This film portrayal can be seen as a surreal reflection of current sweat-shop operations in countries like China, but it also eerily mirrors current manufactured celebrity culture produced by similar commercial interests. It is a culture that consumes the uniqueness of our humanity, seduces and sucks us into the assembly line of perpetuated illusion and disconnects us from the real world. In a newly created religion of superficial titillation, people’s own feelings and bodies are occupied by controlled images and impulses from outside. With scripted lines, they are programmed to think and act in certain ways. Love for others, natural human feelings and expression of individuality are forbidden.

Young girls like Minegishi begin to identify themselves with this outer superficial image by consuming these corrupted personas. Like Somni-451, she herself likely doesn’t realize that stardom and idolatry is possible only through the death to her own self. Whether her public apology was a calculated board-room decision or genuine personal expression, her dramatic action represents many girls whose identity is wrapped up with a fabricated caricature on stage; the threat of losing it may feel like a threat to their very existence.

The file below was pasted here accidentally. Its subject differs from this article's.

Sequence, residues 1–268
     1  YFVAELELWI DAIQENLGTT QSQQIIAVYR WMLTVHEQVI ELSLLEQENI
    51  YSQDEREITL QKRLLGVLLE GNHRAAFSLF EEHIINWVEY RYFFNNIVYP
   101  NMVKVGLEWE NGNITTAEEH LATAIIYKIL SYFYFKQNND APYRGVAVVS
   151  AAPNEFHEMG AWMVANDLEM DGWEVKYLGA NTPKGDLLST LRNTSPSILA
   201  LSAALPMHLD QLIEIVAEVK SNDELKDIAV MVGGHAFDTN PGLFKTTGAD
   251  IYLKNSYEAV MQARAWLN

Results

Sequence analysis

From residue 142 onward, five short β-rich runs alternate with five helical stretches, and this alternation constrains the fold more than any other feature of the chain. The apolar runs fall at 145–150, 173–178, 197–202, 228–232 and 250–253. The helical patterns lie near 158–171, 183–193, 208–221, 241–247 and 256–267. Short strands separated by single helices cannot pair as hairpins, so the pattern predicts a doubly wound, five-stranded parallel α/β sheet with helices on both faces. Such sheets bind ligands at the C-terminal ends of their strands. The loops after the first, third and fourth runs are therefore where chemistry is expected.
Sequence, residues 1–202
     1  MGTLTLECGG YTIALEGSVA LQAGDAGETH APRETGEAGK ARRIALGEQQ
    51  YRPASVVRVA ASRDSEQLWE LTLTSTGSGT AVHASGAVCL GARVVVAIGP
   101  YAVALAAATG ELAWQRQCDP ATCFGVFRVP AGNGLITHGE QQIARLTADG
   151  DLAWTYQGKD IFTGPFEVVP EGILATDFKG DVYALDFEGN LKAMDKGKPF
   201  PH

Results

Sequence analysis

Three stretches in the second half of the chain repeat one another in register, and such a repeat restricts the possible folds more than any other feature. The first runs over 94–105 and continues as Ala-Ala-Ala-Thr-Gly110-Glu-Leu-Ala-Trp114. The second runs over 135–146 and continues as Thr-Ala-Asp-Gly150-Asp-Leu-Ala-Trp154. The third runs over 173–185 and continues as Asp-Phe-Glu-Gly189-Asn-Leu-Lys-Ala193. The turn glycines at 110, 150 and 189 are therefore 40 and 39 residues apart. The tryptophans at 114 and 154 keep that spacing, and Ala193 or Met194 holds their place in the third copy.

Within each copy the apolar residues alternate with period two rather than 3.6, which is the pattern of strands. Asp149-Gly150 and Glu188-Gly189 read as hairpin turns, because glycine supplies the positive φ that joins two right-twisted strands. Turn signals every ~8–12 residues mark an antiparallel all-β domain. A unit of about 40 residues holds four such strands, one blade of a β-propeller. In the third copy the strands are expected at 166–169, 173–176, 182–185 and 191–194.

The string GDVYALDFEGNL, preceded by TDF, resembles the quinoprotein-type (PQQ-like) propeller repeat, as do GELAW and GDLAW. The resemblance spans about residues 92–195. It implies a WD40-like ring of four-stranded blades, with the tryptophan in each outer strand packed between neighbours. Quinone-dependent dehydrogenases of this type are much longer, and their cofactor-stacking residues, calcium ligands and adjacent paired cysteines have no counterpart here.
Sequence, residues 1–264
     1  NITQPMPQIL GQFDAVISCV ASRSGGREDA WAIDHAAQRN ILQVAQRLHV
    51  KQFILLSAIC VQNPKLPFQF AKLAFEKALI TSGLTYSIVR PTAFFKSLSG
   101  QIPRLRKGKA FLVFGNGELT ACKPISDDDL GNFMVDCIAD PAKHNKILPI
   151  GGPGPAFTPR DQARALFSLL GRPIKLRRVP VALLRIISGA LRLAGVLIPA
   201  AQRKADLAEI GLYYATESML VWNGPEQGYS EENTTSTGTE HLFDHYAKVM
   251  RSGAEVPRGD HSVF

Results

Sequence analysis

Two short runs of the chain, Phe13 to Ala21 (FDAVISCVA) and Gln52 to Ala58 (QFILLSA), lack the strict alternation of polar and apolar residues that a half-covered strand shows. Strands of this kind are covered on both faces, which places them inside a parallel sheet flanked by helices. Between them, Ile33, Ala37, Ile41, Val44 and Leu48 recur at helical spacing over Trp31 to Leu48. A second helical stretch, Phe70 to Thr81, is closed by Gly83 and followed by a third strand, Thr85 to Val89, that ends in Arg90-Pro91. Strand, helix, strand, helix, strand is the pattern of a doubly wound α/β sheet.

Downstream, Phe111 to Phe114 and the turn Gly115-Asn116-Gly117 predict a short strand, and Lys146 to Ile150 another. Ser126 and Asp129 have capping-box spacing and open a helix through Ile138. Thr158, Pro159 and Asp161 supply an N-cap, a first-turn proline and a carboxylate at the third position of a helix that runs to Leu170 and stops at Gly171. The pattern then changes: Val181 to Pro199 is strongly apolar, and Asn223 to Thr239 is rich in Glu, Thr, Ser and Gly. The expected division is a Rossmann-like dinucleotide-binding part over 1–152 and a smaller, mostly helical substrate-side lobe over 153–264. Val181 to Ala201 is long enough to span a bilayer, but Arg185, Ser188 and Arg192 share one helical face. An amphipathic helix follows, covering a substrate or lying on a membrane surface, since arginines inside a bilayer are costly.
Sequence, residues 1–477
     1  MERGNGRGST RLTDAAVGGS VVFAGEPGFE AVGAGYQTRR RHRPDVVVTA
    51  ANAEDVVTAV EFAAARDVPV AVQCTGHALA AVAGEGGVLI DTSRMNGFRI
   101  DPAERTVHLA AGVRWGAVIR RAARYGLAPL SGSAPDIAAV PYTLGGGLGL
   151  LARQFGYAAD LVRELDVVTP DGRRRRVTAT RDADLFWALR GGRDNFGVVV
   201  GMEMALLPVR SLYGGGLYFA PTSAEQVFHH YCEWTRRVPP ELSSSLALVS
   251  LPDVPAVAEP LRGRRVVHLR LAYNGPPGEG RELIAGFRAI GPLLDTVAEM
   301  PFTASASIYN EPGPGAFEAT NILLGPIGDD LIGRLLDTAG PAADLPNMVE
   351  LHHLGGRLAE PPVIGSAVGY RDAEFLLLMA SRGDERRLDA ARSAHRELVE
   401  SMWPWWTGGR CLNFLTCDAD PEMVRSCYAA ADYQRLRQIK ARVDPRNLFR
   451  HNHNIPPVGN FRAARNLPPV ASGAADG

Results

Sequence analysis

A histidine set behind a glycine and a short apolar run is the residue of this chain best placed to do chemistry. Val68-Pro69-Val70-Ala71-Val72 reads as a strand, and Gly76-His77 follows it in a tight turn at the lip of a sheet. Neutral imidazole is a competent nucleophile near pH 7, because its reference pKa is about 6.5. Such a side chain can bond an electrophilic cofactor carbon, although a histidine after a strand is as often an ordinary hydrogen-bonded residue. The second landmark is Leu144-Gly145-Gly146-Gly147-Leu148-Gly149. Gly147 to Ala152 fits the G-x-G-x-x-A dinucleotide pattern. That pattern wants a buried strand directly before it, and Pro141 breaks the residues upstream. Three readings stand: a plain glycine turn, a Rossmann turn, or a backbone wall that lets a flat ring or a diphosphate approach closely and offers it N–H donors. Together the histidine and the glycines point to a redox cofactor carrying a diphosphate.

As of Feb 1, she was demoted to the lowest rank of trainee. The message was: if you break the ‘contract’ and act like a normal human being instead of something like a product, then you will be disposed of or utilized for tabloid sensation. Such is the price of maintaining a manufactured self image. In the end, the corporate master behind the stage always wins the game. The message is ‘Don’t question the corporate molding of your being and demand your own freedom …don’t even try.’ As we are amused by the attraction on the stage, perhaps we too are lost in this shared illusion. 

I’m all alone, so are we all
We’re all clones
All are one and one are all …..
I just wanna be myself
I just wanna be myself
I just wanna be myself
Be myself
Be myself
Alice Cooper

Perhaps what is really behind Minegishi’s tearful pledge is just a girl wanting to be herself. Yet, she is looking for it in the wrong place — the artificial spotlight of strangers projecting images on her that are simply not who she is. The eruption of the AKB48 scandal brought worldwide media attention to the group. It revealed a global trend of corporate infiltration into every aspect of economy and culture.